National Bank, Piraeus and Eurobank have submitted their restructuring plans to the European Central Bank for approval, but their examination by Frankfurt will be mostly academic.
As the ECB had stressed during the presentation of its stress test results at the end of October, the calculations for the final capital requirements would take into account the European Commission-approved restructuring plans. And thanks to them, Greek lenders are showing no capital deficits. The ECB will examine these plans and have them approved by December 12.
In the case of Piraeus Bank the process is purely academic as the 660-million-euro capital shortfall that the static model pointed to has been covered by the lender’s share capital increase completed last spring. That means the Piraeus Group does not need to take any further action. Meanwhile Alpha Bank, Greece’s fourth systemic lender, was the only one to pass the stress test without any requirements whatsoever based on its 2013 financial figures.
In contrast, National and Eurobank will have to implement the action plans they have agreed with the Commission to cover the capital deficits that the static approach revealed. Even after factoring in the share capital increases of last spring, amounting to 2.5 billion euros and 2.86 billion euros respectively, the two lenders showed a capital shortfall: National has to cover 933 million euros and Eurobank 1.76 billion.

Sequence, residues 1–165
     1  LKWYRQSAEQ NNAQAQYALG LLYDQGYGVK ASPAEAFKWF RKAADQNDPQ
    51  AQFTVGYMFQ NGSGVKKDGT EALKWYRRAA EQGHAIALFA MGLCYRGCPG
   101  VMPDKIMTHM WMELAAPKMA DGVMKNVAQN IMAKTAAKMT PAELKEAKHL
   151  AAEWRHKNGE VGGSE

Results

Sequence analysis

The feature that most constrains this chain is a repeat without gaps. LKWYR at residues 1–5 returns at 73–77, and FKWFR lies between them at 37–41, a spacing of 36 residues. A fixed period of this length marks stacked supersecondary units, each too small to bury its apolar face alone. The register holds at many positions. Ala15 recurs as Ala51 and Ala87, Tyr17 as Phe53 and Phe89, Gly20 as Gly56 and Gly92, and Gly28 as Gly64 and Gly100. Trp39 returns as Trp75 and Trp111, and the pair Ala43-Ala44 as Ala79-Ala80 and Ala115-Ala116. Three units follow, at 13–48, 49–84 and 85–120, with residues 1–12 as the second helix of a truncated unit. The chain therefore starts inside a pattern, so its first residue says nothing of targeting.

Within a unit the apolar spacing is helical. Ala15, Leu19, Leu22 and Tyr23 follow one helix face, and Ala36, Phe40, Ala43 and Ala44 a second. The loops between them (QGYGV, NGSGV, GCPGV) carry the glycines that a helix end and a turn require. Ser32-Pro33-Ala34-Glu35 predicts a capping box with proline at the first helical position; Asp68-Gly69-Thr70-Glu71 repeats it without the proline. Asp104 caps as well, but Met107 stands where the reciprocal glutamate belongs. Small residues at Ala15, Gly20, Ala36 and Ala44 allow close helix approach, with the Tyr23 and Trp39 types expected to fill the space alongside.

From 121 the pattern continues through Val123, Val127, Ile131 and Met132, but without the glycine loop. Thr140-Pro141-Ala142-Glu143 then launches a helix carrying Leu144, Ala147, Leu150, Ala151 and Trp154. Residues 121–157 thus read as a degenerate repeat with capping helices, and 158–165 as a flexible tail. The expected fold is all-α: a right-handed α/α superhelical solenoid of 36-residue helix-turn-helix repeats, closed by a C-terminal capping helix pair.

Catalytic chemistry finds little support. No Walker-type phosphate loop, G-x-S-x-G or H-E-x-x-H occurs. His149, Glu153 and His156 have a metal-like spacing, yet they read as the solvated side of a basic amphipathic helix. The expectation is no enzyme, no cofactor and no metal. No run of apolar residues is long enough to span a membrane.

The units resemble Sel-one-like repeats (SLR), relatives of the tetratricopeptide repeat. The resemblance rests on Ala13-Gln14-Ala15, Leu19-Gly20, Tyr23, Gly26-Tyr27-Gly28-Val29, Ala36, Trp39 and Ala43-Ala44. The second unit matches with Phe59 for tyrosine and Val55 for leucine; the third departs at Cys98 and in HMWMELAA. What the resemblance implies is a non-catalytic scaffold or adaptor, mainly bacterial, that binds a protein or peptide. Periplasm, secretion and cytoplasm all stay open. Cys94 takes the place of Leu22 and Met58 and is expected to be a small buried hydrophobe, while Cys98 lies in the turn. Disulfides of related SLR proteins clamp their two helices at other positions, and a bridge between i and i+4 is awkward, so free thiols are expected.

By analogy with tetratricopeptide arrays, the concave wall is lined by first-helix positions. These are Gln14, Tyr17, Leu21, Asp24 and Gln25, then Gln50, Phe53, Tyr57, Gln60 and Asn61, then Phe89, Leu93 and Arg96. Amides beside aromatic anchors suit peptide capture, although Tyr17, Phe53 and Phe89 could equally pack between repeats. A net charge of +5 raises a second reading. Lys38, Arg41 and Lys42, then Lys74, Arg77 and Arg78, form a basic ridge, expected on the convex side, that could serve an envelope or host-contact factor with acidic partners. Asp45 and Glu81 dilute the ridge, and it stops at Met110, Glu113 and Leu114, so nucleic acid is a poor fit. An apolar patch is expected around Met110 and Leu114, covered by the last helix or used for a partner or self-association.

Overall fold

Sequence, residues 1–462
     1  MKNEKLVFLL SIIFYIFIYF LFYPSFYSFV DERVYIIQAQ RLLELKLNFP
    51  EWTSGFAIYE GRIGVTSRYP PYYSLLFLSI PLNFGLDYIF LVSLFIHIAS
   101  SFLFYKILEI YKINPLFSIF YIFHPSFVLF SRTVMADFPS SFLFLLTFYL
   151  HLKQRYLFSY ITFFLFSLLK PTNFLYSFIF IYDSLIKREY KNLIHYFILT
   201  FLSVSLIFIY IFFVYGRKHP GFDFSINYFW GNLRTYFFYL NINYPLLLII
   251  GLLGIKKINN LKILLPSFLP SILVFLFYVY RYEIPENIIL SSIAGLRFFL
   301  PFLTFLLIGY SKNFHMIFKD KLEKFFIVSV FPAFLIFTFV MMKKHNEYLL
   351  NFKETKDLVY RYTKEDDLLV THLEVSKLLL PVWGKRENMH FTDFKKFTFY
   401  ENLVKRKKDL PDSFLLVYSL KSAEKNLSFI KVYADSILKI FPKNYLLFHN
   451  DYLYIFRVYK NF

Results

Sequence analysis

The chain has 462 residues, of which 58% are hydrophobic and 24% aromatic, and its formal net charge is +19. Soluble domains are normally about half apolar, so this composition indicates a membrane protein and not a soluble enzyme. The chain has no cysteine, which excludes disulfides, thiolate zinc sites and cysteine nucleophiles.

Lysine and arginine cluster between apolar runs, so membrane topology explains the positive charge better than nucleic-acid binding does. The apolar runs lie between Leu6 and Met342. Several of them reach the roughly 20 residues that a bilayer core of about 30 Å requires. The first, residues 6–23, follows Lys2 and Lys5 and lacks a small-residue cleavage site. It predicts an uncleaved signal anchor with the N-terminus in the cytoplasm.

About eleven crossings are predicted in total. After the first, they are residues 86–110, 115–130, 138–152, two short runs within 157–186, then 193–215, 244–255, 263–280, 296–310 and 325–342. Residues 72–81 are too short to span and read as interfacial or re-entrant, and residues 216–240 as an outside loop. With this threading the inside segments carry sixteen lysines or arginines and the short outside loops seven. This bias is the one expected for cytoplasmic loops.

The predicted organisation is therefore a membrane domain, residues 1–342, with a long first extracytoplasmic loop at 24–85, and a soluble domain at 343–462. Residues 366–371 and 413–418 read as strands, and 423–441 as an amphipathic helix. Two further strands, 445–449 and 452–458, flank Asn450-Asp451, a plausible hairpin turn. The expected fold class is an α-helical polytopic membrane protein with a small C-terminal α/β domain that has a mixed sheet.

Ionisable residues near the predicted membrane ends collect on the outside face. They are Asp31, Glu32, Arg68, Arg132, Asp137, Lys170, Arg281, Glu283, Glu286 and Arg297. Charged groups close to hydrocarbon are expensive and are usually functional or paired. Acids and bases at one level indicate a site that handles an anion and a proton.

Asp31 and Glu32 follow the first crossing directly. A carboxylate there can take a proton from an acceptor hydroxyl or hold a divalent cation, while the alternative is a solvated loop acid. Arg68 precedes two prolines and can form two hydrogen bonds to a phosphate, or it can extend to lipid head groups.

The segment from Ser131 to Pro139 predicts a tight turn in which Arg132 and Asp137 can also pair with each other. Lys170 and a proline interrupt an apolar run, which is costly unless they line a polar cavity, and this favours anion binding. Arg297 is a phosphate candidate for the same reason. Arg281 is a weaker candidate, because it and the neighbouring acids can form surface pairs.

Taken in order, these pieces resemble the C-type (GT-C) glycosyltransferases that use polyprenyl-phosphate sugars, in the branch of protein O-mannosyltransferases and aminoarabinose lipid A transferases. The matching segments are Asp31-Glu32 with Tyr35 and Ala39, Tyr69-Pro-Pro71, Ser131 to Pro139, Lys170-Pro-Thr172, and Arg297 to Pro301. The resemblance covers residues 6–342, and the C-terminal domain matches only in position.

The capital requirements of National and Eurobank are reversed with the dynamic model, which factors in the actions (such as asset sales, nine-month profits etc) that took place after end-2013 and will also be completed in the coming months. When the latter are added to the equation, National not only sees its shortfall vanish, but it also shows into a capital surplus of 2.02 billion euros, the biggest of all four banks. Likewise, Eurobank’s capital deficit shrinks to a negligible 18 million euros.
All four core banks have told the European Commission’s Directorate General for Competition that they will implement the restructuring plans which provide for a significant reduction in their annual costs and have a binding character. National officials note that the nine-month profits of 1.17 billion euros have already covered the requirements.